It is a common mistake to think that the evolution of a biological organism proceeds in a logical fashion. Mutations in DNA occur at random, the mutation is either tolerated or not tolerated. If it is not tolerated you die, if it is tolerated you get along fine. Maybe with your two organism example under certain circumstances having a less efficient encoding might put you at an advantage. Maybe being too efficient uses up your resources too quickly. Maybe if you rely on your one super efficient gene to get you through life you will be dead when it gets a mutation in it.

There are plenty of examples of of genes that appear to be almost entirely redundant. Many biologists will be able to tell you how they knocked their very important gene out of a mouse only to discover that the mouse survives will no ill effects. A lot of research goes into redundancy of genes. If you have a disease caused by a mutation in gene X which can be rescued by activating gene Y which serves a redundant function then that is going to put you at an advantage.

Perhaps I have missed your point for your third comment but; The obsession with zeroing in on the magic gene that causes X can be answered for you by anyone who has type I diabetes, or indeed any other monogenic disorder that has been treated following the discovery of the gene that causes the disease. Polygenic disorders are not a novel concept however we know less about them because it turns out that it is rather difficult to find out which variants of which genes are contributing to a disorder. If you like to donate to the complete sequencing of every human on the planet which would be the best way to solve this problem, I am sure someone will be willing to take you money.

Re:junk genes was a junk idea (1, Informative)

Anonymous Coward | more than 6 years ago | (#19501783)

Sorry, but how much real practical effect does "efficient coding" have on survival of the fittest.
The idea of junk DNA was a win for evolution, but its absence is surely a win for intelligent design IMO.

Re:junk genes was a junk idea (3, Interesting)

Grym (725290) | more than 6 years ago | (#19502059)

Whenever I read something like this, I get a reminder how poor is biologists' comprehension of Computer Science, Information Theory, and languages.

Be careful here--you might just show your own ignorance. "Biologists" is a very broad term that covers a vast array of topics. Sure, ecology might not require much knowledge of computers and information theory, but such things are required reading for fields like molecular biology or modern genetics.

First, evolution would weed that sort of thing out in a hurry. Two organisms with genes that achieve the exact same thing, but one has a more efficient encoding? No contest!

Not necessarily. Sure, that may be the case for single-celled organisms that rapidly reproduce, whose selective forces dictate sheer metabolic efficiency, but for multi-cellular organisms, like mammals, there's good reasons to believe that that simply isn't true.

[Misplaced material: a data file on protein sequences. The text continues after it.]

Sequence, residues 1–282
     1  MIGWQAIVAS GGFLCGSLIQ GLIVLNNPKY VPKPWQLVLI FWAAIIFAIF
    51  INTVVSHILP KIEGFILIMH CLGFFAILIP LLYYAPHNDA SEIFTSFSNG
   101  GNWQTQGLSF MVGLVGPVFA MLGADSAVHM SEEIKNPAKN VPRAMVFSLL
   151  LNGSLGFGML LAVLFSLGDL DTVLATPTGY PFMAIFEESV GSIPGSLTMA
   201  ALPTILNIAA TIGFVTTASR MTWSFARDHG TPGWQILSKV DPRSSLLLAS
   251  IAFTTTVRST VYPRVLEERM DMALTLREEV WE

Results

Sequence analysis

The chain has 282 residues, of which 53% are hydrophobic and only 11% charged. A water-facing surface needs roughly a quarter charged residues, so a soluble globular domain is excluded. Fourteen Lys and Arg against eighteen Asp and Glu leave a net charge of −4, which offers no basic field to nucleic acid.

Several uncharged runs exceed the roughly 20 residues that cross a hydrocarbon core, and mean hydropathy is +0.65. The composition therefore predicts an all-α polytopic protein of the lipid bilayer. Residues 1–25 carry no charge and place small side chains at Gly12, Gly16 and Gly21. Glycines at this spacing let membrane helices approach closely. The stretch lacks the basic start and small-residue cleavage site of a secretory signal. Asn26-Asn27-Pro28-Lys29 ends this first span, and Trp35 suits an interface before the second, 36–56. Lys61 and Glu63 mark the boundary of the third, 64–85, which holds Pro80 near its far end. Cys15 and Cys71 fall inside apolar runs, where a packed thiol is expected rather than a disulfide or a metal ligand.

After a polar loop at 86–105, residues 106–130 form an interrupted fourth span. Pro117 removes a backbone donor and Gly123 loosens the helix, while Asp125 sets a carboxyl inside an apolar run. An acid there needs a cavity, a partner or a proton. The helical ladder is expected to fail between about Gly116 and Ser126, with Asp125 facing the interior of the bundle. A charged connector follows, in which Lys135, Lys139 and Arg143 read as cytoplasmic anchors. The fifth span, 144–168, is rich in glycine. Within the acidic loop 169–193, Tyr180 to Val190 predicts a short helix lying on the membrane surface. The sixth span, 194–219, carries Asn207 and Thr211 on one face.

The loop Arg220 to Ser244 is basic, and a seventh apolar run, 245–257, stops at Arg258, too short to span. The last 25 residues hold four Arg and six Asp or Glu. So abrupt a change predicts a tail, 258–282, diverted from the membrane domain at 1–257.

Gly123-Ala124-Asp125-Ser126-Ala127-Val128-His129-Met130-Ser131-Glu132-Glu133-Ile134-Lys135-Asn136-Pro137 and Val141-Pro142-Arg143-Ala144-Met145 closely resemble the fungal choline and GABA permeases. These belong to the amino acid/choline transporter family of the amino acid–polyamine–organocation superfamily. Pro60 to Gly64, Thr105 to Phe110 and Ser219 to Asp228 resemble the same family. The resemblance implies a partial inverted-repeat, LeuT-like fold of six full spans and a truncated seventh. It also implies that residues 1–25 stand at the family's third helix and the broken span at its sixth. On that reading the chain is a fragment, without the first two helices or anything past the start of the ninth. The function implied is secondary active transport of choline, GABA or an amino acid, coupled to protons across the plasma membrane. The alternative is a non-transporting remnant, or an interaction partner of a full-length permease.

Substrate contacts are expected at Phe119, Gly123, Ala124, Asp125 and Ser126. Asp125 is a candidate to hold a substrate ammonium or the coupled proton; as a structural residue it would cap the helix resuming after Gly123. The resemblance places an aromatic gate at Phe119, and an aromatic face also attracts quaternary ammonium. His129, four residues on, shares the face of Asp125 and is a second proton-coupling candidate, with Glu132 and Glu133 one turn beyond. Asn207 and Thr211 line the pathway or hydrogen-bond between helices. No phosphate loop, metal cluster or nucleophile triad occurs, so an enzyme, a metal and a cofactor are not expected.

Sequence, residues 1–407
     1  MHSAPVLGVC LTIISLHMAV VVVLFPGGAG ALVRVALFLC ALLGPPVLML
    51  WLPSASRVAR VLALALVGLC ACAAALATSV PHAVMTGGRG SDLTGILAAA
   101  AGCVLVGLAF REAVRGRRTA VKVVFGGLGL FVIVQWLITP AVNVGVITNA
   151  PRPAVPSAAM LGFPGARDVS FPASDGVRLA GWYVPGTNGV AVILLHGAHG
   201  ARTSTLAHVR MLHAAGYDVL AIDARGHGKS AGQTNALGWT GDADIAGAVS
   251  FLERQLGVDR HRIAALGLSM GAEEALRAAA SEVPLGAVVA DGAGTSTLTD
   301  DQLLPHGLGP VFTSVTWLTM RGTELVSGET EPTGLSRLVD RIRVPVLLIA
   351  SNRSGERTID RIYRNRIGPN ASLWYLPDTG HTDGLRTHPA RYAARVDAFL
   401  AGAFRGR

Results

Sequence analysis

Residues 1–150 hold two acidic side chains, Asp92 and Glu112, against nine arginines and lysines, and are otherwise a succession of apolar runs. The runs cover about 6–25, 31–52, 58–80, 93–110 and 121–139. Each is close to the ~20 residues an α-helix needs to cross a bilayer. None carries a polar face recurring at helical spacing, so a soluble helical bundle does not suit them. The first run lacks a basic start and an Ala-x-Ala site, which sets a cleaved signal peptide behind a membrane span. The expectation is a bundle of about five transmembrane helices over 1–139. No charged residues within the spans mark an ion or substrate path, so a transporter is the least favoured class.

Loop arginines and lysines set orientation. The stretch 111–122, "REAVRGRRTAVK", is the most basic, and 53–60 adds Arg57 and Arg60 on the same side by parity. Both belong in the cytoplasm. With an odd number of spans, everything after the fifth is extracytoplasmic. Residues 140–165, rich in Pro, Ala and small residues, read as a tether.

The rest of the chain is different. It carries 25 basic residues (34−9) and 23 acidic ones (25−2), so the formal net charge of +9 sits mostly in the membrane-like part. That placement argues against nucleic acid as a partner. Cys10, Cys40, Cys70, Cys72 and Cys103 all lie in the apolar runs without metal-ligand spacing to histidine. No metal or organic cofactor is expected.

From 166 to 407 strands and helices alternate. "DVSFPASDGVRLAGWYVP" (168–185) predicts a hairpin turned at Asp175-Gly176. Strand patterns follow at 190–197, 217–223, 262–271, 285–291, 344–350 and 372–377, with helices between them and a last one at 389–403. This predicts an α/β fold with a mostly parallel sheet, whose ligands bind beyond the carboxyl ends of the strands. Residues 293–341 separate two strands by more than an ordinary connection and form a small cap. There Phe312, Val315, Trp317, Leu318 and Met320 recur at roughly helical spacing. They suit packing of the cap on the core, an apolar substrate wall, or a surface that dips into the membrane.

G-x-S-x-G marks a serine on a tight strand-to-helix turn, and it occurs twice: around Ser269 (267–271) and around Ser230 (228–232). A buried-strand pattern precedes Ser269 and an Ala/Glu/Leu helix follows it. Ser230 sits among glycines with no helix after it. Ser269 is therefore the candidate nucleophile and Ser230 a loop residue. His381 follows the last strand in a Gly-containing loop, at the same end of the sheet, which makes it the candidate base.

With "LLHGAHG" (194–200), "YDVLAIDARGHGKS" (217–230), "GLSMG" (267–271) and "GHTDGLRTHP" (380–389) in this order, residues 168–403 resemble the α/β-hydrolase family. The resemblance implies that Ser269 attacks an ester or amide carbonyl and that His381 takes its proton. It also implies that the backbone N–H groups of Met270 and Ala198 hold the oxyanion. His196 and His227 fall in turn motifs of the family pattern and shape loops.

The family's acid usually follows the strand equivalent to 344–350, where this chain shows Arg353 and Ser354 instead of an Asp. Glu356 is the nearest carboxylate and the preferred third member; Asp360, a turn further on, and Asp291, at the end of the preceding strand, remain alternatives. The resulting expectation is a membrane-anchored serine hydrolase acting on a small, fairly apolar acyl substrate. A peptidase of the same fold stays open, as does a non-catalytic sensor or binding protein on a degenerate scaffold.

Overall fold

Evolution isn't like a programmer. It isn't some transcendental force guiding a species to some aesthetically "perfect" design. The result of natural selection frequently isn't the "best" solution but rather whatever happens to work. In fact, many times adaptations based upon the selective pressures of the present are, in time, ultimately maladaptive for the species. A classic example of this is the trait for the disease sickle-cell anemia in humans which originally served to offer slight resistance to malaria but otherwise causes health problems and even death.

A more efficient genome doesn't necessarily mean greater fitness. Consider the following example. For a large multi-cellular organism, which do you think has more reproductive/survival significance: (1) a mutation that deletes a few bases of non-coding DNA OR (2) a mutation that brightens a metabolically-wasteful, colorful marking that attracts mates?

Second, ever tried compressing a DNA sequence? They don't compress very well! Meaning, they don't have much redundancy.

OR that they are mostly random. The current model of DNA/genetics states that most of the DNA in the human genome is non-coding, not (significantly) subject to evolution. As such, it gets shuffled around (i.e. randomized) during cross-over events and mutations. That being the case, one wouldn't expect it to be very redundant or compress very well.

Third, why this obsession with zeroing in on a magic gene that causes X? Do they think the language of DNA is context free? Defects could indeed be expected to have no context, but for the rest-- which genes determine a person's blood type? Eye color? Skin color? Going about that task by trying to find the magic gene for something like that is like a person who never learned to read trying to figure out the plot of a book by trying to recognize patterns of letters.

In short, because that's what's easiest. A holistic approach to genomics research like you're describing is not currently technologically, academically or economically feasible for a myriad of reasons. The science just is not there yet.

As an aside, I suspect we'll start to see a more integrated approach to genomics once the relatively low-hanging fruit of the one-gene --> one-protein research lines are throughly covered. However, I wouldn't expect such things to happen in our lifetimes given the difficulty of that aforementioned task and the sheer profitability of more conventional approaches. But what do I know? I'm "just a biologist." =P